Charles Stanley’s Handbook for Christian Living is more or less a systematic theology for laypeople. I would not call it Free Grace. And I do not know if it reflects Stanley’s current views. But it is certainly Free Grace friendly.
For example, Stanley is remarkably clear that Biblical faith has an object, namely, the promises of God. Reflecting on Hebrews 11, he writes:
“The two key words here are sure and certain. Faith is about being sure and certain of something. This raises the question at the heart of the confusion often surrounding the topic of faith: Sure and certain about what?
“…a promise. The men and women [of Heb 11] were so certain and sure because each had received a promise from God. They were confident that God would do exactly what He promised. And that is the essence of faith.
“The term promise, or some derivative, appears eighteen times in Hebrews. It appears seven times in this one chapter alone. What is the significance of that? Faith and the promises of God go hand in hand.
“Where there is no promise, there can be no faith—only hope…
“…Faith, then, is confidence in the promises of God or, as stated earlier, confidence that God will do what He has promised” (Handbook, p. 176-77).
Stanley was also clear that salvation requires a single act of faith, not an enduring faith:
“Salvation stands independently of faith. Consequently, God does not require a constant attitude of faith in order to be saved—only an act of faith in Christ.
“You and I are not saved because we have an enduring faith. We are saved because at a moment in time we expressed faith in our Lord…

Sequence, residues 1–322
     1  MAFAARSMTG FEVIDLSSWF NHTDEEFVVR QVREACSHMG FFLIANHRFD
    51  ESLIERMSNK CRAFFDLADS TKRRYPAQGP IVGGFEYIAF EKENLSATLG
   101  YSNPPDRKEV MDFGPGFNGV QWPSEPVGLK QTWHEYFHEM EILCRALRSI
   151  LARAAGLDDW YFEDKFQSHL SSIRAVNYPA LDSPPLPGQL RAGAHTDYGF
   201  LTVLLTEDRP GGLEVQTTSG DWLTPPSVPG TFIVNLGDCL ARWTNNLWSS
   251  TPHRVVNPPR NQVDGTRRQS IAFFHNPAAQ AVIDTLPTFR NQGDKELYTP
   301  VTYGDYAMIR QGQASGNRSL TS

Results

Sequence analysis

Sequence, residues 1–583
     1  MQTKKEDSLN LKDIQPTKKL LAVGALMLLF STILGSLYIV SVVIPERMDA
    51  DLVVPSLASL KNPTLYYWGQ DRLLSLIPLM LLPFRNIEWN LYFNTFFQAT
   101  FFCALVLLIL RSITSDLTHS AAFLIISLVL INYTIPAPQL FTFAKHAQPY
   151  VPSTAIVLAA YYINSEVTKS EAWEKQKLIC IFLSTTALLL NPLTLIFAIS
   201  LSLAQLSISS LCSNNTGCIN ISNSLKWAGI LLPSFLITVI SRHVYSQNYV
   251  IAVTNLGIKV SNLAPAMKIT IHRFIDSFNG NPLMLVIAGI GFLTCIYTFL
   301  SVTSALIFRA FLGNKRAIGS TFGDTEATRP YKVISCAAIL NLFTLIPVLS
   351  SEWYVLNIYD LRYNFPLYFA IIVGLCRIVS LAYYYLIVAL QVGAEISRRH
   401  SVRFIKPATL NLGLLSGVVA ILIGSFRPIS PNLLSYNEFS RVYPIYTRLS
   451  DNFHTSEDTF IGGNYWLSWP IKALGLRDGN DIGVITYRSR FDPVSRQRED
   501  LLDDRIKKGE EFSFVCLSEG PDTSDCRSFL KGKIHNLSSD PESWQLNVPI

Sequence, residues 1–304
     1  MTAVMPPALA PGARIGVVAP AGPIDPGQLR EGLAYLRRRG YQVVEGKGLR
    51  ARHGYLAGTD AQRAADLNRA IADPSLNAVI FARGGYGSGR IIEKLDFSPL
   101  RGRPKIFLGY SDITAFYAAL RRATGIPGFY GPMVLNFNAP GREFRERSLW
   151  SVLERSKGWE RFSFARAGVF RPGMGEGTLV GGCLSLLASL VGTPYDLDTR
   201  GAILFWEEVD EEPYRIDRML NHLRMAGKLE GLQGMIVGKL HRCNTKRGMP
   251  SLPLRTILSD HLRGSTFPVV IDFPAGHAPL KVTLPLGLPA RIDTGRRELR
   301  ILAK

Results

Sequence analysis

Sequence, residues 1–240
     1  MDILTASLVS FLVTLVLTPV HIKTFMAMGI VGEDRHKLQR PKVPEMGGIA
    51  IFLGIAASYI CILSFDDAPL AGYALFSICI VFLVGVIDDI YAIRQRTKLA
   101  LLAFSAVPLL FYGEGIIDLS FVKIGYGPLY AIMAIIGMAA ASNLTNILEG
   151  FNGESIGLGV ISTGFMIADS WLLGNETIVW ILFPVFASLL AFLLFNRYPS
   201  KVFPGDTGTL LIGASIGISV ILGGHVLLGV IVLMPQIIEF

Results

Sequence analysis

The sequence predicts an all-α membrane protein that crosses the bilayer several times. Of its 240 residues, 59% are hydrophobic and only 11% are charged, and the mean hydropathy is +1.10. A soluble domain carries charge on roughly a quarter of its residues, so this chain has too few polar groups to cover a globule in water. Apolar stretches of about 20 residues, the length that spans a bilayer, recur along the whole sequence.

“…Again, saving faith is not necessarily a sustained attitude of gratefulness for God’s gift. It is a singular moment in time when we take what God has offered. Eternal life is received by grace through faith. It is a once-and-for-all transaction that can never be undone” (Handbook, p. 174).
Stanley was also very clear on eternal security. He wrote a whole book on the subject.
“God assures believers of eternal life. This assurance is based on belief in Christ” (Handbook, p. 171).
Stanley even links rejecting eternal security with rejecting salvation is by faith alone.
“If we reject eternal security, several things are at stake. First of all, our assurance. If our salvation hinges on anything but the finished work of Christ on the cross, it will be difficult to live with much assurance. Hope, yes; assurance, no…
“A third area of doctrine that is affected by the notion of losing one’s salvation is that of salvation by faith alone. Once good works are introduced into the salvation process, salvation is no longer by faith alone; it is by faith and works. To imply that salvation is maintained by good works (or not sinning) is to take the daily burden of our salvation upon ourselves. In that case, there will be room for boasting in heaven. Our salvation is based on faith alone and not a combination of faith and works. Because of the permanency of our salvation, we are assured of eternity security” (Handbook, pp. 172-73).
In other words, we find all the essentials of the Free Grace position on salvation:
- The essence of saving faith is to be sure and certain of Jesus’ promise to give you everlasting life that cannot be lost.
Stanley does not summarize his view that way, but it isn’t difficult to put the pieces together.